Fanny Fern: An Independent Woman

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Rutgers University Press, 1994 - Biography & Autobiography - 396 pages
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Fanny Fern is a name that is unfamiliar to most contemporary readers. In this first modern biography, Warren revives the reputation of a once-popular 19th-century newspaper columnist and novelist. Fern, the pseudonym for Sara Payson Willis Parton, was born in 1811 and grew up in a society with strictly defined gender roles. From her rebellious childhood to her adult years as a newspaper columnist, Fern challenged society's definition of women's place with her life and her words. Fern wrote a weekly newspaper column for 21 years and, using colorful language and satirical style, advocated women's rights and called for social reform. Warren blends Fern's life story with an analysis of the social and literary world of 19th-century America.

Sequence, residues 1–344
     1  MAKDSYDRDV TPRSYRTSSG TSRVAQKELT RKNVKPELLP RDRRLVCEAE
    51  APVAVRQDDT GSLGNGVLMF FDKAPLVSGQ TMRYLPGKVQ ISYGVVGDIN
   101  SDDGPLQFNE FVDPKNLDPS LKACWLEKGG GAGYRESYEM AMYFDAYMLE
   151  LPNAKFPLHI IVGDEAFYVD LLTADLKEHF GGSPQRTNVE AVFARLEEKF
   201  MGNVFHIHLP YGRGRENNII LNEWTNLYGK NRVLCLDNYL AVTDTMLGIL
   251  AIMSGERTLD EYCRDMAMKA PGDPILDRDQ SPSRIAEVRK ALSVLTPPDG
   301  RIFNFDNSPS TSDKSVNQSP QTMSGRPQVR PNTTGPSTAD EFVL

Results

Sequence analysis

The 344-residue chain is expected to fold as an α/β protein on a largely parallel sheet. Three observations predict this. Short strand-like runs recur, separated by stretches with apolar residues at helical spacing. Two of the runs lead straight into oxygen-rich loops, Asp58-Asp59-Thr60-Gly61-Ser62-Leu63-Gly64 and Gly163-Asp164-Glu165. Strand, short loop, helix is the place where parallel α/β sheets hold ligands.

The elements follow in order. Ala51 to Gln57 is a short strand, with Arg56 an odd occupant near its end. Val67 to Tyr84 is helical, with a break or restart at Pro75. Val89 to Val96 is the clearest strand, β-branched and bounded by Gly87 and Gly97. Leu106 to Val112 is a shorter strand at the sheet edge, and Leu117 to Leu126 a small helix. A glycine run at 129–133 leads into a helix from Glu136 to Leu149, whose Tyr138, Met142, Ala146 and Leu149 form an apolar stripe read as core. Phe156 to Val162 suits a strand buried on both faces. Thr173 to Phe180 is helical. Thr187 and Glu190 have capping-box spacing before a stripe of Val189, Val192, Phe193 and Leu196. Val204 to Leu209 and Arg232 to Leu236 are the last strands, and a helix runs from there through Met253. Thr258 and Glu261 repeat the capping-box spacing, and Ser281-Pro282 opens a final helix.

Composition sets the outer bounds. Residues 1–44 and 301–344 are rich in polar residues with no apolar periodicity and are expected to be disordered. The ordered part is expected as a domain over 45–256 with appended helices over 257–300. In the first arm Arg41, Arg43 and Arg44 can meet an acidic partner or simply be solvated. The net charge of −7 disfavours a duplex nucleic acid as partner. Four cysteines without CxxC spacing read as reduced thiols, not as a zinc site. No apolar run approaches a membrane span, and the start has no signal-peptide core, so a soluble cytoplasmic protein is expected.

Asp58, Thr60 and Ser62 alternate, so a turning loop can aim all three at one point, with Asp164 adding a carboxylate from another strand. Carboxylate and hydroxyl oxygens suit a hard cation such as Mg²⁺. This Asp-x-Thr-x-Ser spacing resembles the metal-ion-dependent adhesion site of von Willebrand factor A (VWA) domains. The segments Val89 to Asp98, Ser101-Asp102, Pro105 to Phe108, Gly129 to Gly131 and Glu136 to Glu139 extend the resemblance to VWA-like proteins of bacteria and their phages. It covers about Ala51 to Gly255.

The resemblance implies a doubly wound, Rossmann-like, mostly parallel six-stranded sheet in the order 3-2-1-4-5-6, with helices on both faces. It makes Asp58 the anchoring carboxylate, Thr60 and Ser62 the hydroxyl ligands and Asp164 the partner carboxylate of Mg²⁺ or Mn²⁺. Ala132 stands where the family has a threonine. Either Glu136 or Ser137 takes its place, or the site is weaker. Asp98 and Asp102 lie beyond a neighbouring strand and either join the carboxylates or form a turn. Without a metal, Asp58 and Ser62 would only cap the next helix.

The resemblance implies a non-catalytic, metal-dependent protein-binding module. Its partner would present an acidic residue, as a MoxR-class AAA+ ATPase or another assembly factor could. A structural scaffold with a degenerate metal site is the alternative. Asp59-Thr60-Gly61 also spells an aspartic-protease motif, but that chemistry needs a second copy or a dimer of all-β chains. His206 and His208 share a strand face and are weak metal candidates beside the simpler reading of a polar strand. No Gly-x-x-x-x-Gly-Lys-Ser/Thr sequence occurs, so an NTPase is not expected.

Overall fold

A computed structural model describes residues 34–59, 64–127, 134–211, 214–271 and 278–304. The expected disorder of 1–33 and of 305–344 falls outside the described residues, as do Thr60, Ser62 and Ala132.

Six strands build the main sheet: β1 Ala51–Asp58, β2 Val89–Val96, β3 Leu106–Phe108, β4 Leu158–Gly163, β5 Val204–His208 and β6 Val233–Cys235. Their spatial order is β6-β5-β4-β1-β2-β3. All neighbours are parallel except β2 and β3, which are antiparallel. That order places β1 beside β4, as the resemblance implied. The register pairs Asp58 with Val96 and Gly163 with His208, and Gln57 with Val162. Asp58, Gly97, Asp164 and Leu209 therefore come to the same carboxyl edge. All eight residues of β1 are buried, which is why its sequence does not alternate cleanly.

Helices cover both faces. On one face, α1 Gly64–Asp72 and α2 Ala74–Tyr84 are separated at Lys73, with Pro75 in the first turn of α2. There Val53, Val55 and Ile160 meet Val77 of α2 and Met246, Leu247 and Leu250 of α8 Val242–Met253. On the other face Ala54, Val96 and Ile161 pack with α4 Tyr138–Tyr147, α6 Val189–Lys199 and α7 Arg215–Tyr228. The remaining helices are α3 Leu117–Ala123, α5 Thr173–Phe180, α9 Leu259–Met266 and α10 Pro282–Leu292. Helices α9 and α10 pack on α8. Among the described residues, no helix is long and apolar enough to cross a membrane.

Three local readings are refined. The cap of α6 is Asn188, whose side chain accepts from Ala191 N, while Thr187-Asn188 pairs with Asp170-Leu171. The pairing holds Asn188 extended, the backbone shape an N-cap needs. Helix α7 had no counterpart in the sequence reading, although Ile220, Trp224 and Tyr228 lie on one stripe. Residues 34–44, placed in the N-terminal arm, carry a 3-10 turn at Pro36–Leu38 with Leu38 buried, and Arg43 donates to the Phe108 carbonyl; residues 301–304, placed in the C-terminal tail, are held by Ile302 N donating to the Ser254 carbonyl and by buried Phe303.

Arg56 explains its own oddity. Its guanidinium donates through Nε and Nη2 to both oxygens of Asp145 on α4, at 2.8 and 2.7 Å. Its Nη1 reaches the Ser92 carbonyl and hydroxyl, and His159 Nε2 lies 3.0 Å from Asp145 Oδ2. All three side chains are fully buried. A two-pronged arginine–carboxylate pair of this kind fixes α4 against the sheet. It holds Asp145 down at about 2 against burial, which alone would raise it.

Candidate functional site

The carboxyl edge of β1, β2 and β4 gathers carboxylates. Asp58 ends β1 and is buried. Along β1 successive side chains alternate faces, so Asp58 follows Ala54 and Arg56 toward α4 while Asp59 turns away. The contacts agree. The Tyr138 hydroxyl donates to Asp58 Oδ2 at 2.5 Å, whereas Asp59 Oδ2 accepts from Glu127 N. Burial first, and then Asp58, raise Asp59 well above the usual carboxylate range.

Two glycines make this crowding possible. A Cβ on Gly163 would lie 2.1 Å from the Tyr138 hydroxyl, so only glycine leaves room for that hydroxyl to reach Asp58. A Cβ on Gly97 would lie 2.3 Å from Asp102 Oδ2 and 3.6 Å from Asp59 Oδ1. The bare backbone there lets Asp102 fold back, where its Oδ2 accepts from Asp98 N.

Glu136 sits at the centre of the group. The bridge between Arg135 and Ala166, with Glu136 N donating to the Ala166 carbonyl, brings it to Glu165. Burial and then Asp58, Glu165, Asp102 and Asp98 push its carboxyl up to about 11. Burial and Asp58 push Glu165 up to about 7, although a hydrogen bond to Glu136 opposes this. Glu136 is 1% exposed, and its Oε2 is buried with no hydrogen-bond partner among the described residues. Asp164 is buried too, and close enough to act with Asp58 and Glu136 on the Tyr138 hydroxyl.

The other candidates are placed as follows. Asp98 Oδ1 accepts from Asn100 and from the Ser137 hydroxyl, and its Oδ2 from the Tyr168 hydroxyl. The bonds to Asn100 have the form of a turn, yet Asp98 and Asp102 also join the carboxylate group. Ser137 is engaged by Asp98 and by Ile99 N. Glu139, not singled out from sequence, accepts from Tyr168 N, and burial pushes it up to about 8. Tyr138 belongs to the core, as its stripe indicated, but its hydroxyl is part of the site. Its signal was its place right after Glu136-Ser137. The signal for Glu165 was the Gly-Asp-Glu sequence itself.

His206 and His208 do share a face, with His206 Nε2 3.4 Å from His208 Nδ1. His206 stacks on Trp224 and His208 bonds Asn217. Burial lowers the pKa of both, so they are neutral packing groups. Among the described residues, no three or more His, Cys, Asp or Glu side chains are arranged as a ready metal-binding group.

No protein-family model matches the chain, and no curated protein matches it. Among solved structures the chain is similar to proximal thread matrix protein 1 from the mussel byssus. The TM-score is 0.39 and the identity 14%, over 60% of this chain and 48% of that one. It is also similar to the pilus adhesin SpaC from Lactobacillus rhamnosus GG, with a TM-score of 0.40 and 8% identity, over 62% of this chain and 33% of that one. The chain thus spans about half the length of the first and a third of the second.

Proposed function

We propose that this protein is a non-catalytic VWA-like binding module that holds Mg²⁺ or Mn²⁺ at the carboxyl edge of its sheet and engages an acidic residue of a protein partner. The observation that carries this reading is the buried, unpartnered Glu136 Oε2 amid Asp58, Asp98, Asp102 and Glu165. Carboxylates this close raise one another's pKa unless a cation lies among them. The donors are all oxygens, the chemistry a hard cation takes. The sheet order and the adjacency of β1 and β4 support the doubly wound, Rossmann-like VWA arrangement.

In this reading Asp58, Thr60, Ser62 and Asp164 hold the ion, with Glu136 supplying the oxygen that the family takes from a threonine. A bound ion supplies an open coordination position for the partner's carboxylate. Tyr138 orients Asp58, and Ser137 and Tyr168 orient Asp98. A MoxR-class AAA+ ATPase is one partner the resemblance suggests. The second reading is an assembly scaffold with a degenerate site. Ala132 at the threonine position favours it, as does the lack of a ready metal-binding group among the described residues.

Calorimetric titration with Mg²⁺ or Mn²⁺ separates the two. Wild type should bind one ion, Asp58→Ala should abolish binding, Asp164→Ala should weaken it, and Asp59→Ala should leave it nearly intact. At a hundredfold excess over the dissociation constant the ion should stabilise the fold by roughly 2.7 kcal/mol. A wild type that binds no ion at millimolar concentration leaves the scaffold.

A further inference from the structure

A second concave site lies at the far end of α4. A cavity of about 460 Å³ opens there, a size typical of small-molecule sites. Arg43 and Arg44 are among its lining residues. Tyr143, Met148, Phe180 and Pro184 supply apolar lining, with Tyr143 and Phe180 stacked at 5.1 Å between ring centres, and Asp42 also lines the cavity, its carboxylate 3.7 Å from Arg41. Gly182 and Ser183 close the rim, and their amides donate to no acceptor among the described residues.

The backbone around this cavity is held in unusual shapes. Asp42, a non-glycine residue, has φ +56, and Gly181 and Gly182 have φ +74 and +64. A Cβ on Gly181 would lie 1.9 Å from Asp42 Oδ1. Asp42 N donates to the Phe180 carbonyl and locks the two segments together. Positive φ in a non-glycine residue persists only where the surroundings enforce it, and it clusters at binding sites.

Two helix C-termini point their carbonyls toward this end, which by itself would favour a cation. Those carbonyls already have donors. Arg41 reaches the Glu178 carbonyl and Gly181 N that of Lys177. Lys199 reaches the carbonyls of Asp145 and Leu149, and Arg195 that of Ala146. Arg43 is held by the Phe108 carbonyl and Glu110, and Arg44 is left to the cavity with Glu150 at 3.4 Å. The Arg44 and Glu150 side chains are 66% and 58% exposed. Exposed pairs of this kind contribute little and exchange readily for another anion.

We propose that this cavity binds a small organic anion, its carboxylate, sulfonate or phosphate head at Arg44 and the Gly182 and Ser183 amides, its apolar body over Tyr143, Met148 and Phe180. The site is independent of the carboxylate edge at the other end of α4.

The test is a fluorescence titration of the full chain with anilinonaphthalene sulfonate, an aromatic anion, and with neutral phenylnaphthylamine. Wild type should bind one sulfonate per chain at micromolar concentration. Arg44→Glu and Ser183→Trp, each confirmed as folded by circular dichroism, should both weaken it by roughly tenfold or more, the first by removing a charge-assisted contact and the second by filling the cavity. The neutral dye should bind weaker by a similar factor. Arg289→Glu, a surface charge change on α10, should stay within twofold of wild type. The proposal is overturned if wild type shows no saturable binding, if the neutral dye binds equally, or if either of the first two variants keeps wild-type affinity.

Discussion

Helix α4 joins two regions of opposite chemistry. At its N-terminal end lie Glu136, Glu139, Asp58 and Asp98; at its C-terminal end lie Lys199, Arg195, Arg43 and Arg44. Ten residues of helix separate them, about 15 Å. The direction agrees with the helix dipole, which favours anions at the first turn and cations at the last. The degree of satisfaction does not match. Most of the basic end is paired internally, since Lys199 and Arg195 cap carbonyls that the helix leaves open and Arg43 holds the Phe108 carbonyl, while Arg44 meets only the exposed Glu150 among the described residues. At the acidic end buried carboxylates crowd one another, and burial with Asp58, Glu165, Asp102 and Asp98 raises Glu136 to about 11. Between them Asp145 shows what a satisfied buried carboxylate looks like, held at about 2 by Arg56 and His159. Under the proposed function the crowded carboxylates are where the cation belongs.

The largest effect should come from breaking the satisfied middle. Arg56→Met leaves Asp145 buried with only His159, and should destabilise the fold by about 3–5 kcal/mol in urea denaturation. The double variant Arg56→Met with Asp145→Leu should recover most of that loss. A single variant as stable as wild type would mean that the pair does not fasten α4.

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Fanny Fern: an independent woman

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Fanny Fern is a name that is unfamiliar to most contemporary readers. In this first modern biography, Warren revives the reputation of a once-popular 19th-century newspaper columnist and novelist ... Read full review

Contents

Prologue Who Is Fanny Fern?
1
Deacons Daughter
5
Hartford Female Seminary
26
BreadMaking and ButtonHole Stitching
43
Marriage Motherhood and Money
61
Dark Days
74
The Birth of Fanny Fern
90
Columnist and Author
104
Famous and Infamous
179
Fanny Ford and Rose Clark
195
A Practical Bluestocking
211
The Civil War and Effie
235
At My Post
257
Last Years
272
The Spectrum of Ideas
288
Epilogue In Her Own Voice
306

Ruth Hall
120
Robert Bonner and James Parton
143
Walt Whitman
160
Notes
313
Index
365
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About the author (1994)

Warren is a professor of English at Queens College.

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